The rest of this posting will focus on the three mostly used software tools for automated DR and DR Assurance.
VMware Site Recovery Manager (SRM) 5
VMware SRM current release is 5.0. SRM has been available since version 1.0 was released in summer 2008. It is by far market leader for DR software in VMware environments. It is also the most versatile solution available. It has a lot of features, is able to replicate using the storage layer as well as using hypervisor based replication (vSphere Replication). It can be used in the SMB space as well as in enterprise environments. Hypervisor based replication was added in the 5.0 release and this features allows for storage-agnostic replication. This means storage in the DR site can be off another vendor and brand than storage in the primary site. vSphere Replication does have some limitations. While storage based replication allows automated failback, vSphere Replication does not. Also when a protected VM has moved to another host because of VMware HA the virtual disks needs to be re-synced again. Host based replication needs to be mature and its main focus is the SMB market at the moment. Strangely enough VMware decided to not support SRM for vSphere Essentials and Essentials Plus Edition which are targeted at the SMB market.
SRM 5 is available as a Standard Edition and an Enterprise Edition. Both editions have exactly the same features, Standard Edition however is limited to protection of 75 virtual machines. Standard Edition is attractively priced with a list price of around Euro 160/ $ 213 per virtual machine available in 25-Packs.
Zerto Virtual Replication 1.0
Zerto released its Virtual Replication 1.0 version in April 2011 . It offers enterprise near-synchronous replication at the hypervisor lever. The solution does not support storage based replication but is able to deliver near-synchronous replication with an RPO of as little as a few seconds. Since its release Zerto got a lot of attention and some awards. Its unique selling point is its ability to protect any virtual machine running on any kind of VMware supported storage without the restrictions of vSphere Replication of SRM 5.0. Zerto has mature features on managing replication using compression and being able to prioritize replication of important virtual machines. Zerto is adding new features in updates on release 1.0 which are made available every couple of months. Its runbook features have been improved over the last months.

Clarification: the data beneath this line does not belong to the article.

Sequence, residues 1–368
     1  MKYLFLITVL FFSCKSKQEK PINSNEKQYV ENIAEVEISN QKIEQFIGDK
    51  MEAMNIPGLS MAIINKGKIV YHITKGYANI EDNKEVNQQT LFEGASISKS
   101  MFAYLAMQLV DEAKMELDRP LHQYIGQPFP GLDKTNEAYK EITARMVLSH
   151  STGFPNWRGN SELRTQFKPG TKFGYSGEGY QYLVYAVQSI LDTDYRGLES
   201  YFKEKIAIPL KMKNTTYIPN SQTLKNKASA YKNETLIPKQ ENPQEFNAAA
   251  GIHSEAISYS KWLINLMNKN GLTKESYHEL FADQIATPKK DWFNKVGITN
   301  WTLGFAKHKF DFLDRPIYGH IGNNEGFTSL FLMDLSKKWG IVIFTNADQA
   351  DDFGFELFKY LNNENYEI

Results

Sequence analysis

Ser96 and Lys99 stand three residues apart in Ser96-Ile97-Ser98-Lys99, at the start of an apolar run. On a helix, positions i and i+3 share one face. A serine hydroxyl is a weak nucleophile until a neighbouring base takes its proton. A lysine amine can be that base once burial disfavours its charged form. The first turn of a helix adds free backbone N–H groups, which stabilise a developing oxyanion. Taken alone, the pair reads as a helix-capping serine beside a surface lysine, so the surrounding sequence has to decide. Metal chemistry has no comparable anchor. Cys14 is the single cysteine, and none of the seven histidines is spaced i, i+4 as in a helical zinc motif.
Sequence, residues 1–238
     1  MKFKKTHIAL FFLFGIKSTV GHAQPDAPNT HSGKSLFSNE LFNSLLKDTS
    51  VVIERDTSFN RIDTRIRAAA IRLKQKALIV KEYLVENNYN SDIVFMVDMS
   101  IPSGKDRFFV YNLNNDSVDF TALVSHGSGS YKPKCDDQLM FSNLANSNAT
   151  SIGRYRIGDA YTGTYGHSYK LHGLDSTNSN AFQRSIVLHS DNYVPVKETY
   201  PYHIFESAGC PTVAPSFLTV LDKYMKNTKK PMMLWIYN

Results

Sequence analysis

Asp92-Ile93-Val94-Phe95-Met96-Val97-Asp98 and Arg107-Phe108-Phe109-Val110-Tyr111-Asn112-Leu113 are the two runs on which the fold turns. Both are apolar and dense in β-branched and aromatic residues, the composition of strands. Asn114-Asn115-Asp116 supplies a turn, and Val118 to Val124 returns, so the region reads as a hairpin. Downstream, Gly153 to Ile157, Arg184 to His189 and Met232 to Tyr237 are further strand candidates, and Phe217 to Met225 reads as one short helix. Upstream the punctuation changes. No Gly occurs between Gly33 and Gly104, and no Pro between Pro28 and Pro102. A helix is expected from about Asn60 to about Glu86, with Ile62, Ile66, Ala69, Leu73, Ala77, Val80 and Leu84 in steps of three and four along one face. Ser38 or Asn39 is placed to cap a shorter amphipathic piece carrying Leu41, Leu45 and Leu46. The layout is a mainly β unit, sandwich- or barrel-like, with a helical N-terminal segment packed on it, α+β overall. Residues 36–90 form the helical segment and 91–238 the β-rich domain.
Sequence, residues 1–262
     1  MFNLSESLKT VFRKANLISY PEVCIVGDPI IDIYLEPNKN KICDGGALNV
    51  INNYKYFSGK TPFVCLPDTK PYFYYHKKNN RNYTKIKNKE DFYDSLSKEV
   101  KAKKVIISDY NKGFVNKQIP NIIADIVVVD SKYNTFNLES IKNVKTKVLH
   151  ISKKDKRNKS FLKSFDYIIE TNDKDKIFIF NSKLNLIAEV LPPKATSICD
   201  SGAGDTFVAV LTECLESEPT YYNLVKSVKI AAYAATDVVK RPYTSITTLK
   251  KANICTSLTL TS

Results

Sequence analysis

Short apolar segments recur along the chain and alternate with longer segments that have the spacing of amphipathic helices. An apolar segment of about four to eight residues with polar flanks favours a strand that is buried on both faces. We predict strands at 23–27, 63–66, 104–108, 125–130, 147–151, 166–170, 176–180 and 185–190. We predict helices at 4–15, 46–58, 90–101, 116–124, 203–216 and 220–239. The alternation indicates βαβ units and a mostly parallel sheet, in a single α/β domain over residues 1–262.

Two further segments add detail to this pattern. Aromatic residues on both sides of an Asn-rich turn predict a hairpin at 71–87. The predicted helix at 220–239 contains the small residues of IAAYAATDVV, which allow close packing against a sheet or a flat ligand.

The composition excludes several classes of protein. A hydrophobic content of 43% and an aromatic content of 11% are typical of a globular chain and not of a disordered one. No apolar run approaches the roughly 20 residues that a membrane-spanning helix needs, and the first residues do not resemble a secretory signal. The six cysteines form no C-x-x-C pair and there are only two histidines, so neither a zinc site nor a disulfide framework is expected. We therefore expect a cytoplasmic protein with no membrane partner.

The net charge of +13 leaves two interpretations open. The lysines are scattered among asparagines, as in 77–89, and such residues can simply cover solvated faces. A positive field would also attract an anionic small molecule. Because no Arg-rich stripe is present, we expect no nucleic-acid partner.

VirtualSharp ReliableDR 2.6
VirtualSharp Software is a relative unkn0wn player in the DR field. They have been around from some time offering DR Assurance to selected number of customers mainly banks and insurance companies. Recently they expanded the focus from Spain to the rest of the world. The current customer base is still small compared to SRM but the solution gets more attention from customers and the industry.
Gartner has selected VirtualSharp Software as a Cool Vendor in Gartner’s “Cool Vendors in Business Continuity Management and IT Disaster Recovery Management, 2012” report.
ReliableDR is able to replicate both on storage layer and on hypervisor. Its unique selling point is DR Assurance. It does not only verify at an infrastructure level (does your VM boot and can it be reached over the network) but more importantly, ReliableDR automatically verifies your applications on RTO and RPO. It does so by booting up your VMs in an isolated network and times when all VMs *and* applications are up and running (RTO) and if the data is current according to the RPO. This is done to send queries to databases, Exchange or webservers and verifies if an expected response (ie text) is returned or not. It is very easy to install as it only needs a single software module in the DR site and needs only one instance of vCenter Server.
Cost effective protection for disasters can be done by outsourcing the recovery infrastructure to a service provider. Disaster Recovery as a Service (DRaaS) has got a lot of attention. The service for virtual machines started about one year with a couple of US based service providers started to offer SRM protection for their customers. All three vendors now offer features which enable DRaaS. Features like rental of licenses and support for vCloud Director are available or are on the roadmap for the next release.
Which solution fits best the needs of the organization depends on budgets, requirements, size of the infrastructure etc. All three solutions have their strong unique features. The image below shows the features of the three mentioned solutions. I contacted all three vendors and supplied them a list of features which they filled in. All vendors also added some additional features.
All three offer a free trial download which can be used to test the solution.